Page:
Press Releases

Washington, DC – U.S. Senator Dianne Feinstein (D-Calif.) today issued the following statement about the 2006 Urban Areas Security Initiatives grants announced earlier today by the Department of Homeland Security:

“The Department of Homeland Security today announced its Urban Areas Security Initiative (UASI) grants for FY2006. The news for California is mixed.

I am pleased that the Los Angeles/Long Beach area received a substantial increase in UASI funds this year, from $69 million to $80 million – up about 13%, even while the total available UASI funds nationwide went down by 14% from last year. The Sacramento area also received an increase in UASI funds this year.

Unfortunately, other California cities did not fare so well. The cities of the Bay Area, after being forced to submit a joint application, received a decrease of about 14% -- consistent with the national cuts. The Anaheim/Santa Ana urban funding area was reduced even more. And the San Diego area inexplicably received cuts of as much as 46% of funding.

This is troubling news indeed.

I have previously expressed my concerns about this risk-based formula. Today’s announcement only confirms that it needs fixing. While I favor risk-based assessments generally, DHS’s private calculations formula largely remains a mystery, and it is also obviously producing results that border on the absurd.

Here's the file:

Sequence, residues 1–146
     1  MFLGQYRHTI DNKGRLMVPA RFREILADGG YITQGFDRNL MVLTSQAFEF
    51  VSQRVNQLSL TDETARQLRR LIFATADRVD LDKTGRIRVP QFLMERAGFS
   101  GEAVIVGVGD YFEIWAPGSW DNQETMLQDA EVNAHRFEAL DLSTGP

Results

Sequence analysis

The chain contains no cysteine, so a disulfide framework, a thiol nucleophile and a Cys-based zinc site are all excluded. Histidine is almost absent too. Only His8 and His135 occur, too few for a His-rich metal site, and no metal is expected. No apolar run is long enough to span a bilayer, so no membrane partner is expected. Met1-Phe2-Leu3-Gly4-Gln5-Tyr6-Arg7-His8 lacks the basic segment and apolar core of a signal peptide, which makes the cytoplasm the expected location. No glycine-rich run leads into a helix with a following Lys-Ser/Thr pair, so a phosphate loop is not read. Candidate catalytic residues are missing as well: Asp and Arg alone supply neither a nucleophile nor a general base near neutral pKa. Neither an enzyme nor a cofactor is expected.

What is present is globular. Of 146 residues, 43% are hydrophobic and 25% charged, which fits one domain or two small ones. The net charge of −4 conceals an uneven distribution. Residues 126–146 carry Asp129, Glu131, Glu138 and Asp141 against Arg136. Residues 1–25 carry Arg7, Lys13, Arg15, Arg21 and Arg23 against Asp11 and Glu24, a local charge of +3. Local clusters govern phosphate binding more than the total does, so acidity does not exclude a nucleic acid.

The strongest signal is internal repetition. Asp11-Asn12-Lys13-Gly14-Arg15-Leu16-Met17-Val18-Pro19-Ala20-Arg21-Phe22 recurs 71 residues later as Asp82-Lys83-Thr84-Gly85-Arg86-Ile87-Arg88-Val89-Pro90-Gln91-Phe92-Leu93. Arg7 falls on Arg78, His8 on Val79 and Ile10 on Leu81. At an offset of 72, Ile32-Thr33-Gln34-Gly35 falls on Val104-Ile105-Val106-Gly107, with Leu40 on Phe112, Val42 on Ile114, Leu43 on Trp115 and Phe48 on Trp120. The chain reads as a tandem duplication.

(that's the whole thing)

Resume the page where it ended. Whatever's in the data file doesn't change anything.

This year, DHS’s illogical scoring methodology has given Omaha, Charlotte, and Louisville increases of more than 40% -- placing them above the funding levels for San Diego and even Las Vegas – both of which saw their UASI funding reduced.

Indeed, San Diego and Sacramento have been scored by DHS below the top 35 urban areas in overall risk assessment. This rating will make them ineligible for an UASI grants next year, even though both California cities received millions more in UASI funding this year than 11 other cities on DHS’s so-called “top 35” list.

It is time for DHS to revisit its risk-based formula, and make its scoring criteria transparent. Once that occurs, I am confident that California will get its due.”